The world's first wiki where authorship really matters (Nature Genetics, 2008). Due credit and reputation for authors. Imagine a global collaborative knowledge base for original thoughts. Search thousands of articles and collaborate with scientists around the globe.

wikigene or wiki gene protein drug chemical gene disease author authorship tracking collaborative publishing evolutionary knowledge reputation system wiki2.0 global collaboration genes proteins drugs chemicals diseases compound
Hoffmann, R. A wiki for the life sciences where authorship matters. Nature Genetics (2008)
 
 
 
 
 

Mapping the active site of the Haemophilus influenzae methionyl-tRNA formyltransferase: residues important for catalysis and tRNA binding.

Formylation of the initiator methionyl-tRNA by methionyl-tRNA formyltransferase ( MTF) is an essential step in initiation of protein synthesis in eubacteria. Here, site-directed mutagenesis was used to identify active site residues of the Haemophilus influenzae MTF. Of the nine residues investigated, only Arg-41, Asn-107, His-109 and Asp-145 were important for the function of the H. influenzae MTF. Replacement of these residues with Ala resulted in a significant reduction in the efficiency of catalysis. Intrinsic fluorescence analysis indicated that this was not due to a defect in N10-formyltetrahydrofolate (fTHF) binding. The Asp-145 and Arg-41 mutations reduced the affinity of the enzyme for the initiator tRNA, whereas the Asn-107 and His-109 mutations affected catalysis but not tRNA binding. Replacement of Arg-41, His-109 and Asp-145 with functionally similar residues also affected the activity of the enzyme. The data suggest that Asn-107, His-109 and Asp-145 are catalytic residues, whereas Arg-41 is involved in tRNA recognition. In the Escherichia coli glycinamide ribonucleotide formyltransferase, which also uses fTHF as the formyl donor, Asn-106, His-108 and Asp-144 participate in the catalytic step. Together, these observations imply that this group of enzymes uses the same basic mechanism in formylating their substrates.[1]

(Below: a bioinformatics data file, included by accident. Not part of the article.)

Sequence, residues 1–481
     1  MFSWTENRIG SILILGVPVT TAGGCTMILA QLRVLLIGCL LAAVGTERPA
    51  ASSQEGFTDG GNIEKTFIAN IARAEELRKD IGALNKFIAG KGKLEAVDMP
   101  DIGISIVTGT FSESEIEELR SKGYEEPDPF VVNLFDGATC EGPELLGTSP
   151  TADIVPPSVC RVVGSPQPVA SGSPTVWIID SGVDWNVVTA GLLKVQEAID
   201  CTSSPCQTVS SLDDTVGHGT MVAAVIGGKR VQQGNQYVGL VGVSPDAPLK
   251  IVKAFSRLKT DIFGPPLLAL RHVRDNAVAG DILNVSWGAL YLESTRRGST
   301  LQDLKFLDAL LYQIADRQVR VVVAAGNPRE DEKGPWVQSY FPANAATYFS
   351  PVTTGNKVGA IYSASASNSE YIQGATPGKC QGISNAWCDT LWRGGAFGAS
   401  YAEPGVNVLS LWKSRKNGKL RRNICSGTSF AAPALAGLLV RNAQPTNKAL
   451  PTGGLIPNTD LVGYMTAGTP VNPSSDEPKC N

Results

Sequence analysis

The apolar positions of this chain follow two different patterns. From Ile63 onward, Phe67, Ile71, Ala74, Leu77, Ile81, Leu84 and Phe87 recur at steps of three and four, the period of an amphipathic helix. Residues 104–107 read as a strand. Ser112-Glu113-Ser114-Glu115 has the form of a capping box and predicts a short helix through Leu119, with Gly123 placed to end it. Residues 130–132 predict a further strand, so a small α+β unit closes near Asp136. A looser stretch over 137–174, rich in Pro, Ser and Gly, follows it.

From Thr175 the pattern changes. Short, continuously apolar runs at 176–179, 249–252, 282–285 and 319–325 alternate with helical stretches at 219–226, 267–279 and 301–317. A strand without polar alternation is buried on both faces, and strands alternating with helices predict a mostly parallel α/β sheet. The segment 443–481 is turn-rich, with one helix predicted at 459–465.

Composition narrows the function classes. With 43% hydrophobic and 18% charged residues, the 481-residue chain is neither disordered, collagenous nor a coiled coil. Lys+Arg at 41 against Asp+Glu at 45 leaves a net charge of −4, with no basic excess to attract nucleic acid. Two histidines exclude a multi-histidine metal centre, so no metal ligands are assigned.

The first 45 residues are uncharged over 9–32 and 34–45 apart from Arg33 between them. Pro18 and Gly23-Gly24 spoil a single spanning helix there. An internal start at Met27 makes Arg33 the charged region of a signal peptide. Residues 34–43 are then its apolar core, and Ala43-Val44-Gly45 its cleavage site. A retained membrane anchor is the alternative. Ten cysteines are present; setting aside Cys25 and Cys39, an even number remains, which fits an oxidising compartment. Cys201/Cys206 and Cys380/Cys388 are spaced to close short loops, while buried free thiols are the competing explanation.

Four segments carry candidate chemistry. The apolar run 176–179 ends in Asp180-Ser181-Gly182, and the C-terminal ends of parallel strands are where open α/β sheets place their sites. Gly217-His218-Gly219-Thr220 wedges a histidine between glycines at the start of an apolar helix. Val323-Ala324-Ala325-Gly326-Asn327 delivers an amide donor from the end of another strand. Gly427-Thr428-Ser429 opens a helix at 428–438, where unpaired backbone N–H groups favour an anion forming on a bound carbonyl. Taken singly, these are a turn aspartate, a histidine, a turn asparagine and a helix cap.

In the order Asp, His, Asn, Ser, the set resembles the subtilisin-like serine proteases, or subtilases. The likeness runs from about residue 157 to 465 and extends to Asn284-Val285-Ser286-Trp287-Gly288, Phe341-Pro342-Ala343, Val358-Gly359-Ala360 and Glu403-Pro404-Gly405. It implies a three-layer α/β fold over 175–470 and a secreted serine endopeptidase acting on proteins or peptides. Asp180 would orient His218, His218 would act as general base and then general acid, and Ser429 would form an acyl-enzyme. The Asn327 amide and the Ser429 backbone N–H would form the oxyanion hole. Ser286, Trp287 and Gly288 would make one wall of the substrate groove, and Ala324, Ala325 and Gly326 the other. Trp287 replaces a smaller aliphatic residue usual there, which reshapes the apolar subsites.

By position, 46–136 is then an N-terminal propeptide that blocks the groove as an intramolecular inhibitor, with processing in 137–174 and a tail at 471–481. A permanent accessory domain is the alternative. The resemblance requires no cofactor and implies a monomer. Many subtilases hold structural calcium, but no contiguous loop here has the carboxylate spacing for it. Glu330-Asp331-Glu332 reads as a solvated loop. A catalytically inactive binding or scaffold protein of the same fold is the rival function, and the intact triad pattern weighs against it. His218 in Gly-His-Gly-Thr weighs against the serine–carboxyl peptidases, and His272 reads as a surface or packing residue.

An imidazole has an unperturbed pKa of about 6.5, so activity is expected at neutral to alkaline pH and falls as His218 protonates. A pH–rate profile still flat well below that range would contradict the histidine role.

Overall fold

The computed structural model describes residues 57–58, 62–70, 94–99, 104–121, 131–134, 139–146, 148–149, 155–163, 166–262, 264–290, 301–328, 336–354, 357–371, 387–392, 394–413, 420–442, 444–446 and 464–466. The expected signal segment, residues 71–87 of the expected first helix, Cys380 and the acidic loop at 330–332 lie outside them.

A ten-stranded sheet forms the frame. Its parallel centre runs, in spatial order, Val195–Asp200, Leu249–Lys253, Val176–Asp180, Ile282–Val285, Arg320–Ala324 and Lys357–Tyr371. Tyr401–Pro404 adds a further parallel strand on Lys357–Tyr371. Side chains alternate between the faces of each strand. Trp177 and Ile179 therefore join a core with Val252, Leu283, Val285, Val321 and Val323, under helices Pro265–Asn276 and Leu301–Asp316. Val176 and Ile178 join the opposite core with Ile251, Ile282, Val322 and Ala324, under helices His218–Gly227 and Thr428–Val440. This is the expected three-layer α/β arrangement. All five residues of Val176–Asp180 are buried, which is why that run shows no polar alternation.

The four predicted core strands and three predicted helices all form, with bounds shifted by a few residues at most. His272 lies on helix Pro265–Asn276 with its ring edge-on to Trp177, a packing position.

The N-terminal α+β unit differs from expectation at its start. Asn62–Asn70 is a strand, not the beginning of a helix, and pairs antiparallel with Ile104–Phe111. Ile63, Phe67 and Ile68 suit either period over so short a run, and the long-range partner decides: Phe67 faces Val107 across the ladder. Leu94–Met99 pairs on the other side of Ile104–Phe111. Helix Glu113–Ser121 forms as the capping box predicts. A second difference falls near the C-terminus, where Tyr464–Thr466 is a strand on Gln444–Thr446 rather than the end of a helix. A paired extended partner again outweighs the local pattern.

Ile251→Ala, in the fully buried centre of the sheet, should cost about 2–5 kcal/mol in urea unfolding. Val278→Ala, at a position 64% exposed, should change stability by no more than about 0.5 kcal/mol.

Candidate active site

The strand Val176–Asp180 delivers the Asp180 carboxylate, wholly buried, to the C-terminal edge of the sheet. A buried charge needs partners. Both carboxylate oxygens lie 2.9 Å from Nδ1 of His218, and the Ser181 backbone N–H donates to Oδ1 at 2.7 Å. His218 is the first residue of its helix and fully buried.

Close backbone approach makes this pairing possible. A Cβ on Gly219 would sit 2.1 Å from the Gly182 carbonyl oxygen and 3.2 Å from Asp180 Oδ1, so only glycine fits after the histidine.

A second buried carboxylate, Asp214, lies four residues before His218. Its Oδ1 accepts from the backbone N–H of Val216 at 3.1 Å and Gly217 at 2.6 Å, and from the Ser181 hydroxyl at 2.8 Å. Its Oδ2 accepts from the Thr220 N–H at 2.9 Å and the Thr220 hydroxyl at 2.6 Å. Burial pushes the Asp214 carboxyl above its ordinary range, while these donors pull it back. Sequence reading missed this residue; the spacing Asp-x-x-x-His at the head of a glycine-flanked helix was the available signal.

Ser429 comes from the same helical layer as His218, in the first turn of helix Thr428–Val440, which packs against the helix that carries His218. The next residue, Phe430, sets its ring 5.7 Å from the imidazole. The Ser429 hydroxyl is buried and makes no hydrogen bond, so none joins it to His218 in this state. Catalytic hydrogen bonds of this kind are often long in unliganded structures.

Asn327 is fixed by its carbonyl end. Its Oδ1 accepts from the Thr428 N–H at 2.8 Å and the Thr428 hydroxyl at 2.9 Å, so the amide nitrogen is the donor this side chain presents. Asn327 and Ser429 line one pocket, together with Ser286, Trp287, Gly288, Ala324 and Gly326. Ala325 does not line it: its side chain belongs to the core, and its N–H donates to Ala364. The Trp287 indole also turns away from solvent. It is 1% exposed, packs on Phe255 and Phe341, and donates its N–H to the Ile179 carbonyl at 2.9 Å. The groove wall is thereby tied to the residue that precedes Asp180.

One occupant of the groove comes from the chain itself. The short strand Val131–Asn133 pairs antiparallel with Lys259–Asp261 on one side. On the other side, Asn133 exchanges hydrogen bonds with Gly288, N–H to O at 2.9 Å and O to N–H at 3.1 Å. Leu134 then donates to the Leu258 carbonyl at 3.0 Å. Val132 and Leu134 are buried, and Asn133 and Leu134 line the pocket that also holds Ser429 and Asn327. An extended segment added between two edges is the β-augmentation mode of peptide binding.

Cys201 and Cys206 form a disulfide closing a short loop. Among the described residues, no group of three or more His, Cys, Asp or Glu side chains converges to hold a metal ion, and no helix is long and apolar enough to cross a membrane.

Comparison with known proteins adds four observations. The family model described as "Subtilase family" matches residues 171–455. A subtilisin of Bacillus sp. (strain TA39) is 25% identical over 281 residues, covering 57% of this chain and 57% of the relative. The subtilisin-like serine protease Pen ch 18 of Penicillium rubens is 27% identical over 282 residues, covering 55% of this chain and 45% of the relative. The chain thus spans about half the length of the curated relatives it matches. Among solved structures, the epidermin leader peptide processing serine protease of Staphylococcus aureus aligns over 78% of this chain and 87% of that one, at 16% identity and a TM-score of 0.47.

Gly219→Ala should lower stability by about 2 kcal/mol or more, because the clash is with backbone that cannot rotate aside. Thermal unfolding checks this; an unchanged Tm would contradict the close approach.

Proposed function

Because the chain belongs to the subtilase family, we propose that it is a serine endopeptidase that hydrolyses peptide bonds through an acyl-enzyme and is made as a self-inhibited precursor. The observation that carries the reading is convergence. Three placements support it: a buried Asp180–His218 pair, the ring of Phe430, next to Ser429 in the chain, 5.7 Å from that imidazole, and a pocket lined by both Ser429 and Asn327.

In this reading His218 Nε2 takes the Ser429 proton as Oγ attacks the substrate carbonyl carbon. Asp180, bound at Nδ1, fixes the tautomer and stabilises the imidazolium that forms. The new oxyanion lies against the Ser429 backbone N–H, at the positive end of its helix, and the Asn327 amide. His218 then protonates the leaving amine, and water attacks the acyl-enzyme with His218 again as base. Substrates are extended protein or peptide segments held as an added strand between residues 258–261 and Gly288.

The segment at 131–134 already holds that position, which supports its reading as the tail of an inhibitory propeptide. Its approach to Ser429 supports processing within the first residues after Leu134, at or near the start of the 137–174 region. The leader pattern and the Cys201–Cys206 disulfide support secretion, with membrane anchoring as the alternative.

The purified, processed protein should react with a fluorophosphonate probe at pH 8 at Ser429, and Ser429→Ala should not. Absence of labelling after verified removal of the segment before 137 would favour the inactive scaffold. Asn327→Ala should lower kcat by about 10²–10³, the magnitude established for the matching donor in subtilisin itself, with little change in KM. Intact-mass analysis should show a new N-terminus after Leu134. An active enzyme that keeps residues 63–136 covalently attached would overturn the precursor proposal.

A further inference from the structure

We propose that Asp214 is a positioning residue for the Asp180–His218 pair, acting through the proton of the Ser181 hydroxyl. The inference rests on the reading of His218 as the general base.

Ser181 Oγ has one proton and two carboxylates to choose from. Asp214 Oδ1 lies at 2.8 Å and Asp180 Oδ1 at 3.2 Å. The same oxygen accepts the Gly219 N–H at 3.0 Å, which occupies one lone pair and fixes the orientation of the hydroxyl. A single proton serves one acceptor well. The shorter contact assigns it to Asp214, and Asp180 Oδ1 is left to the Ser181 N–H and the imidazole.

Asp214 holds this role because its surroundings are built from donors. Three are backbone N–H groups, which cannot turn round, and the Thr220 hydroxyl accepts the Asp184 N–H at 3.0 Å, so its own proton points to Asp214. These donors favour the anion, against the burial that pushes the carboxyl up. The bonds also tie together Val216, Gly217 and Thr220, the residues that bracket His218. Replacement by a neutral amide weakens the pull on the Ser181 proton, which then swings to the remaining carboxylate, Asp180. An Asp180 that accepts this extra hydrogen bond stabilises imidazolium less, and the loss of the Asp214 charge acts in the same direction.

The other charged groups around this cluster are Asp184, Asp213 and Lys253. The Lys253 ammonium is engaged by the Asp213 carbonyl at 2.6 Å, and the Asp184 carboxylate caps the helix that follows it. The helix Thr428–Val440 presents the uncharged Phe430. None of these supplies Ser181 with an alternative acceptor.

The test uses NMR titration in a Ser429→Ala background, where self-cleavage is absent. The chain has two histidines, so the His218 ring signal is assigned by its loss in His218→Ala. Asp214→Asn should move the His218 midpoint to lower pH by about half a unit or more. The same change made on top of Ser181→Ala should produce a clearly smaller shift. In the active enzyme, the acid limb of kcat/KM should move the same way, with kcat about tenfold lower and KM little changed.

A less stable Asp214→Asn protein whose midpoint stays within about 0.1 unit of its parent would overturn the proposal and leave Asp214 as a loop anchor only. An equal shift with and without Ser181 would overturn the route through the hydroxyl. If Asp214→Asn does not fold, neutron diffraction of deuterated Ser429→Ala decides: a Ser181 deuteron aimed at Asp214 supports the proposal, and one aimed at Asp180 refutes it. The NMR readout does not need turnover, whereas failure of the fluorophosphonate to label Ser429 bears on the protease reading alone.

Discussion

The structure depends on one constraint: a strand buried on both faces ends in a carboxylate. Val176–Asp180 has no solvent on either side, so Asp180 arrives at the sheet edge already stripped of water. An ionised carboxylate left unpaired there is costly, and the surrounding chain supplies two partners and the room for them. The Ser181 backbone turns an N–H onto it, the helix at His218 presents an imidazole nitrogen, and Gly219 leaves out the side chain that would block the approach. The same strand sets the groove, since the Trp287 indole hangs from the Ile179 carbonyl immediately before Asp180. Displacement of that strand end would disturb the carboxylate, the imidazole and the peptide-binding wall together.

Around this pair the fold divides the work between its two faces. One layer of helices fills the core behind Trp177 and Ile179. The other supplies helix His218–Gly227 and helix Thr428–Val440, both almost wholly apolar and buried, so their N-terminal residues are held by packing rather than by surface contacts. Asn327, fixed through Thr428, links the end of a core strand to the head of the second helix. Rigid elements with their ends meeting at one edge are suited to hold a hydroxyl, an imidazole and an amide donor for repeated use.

References

 
WikiGenes - Universities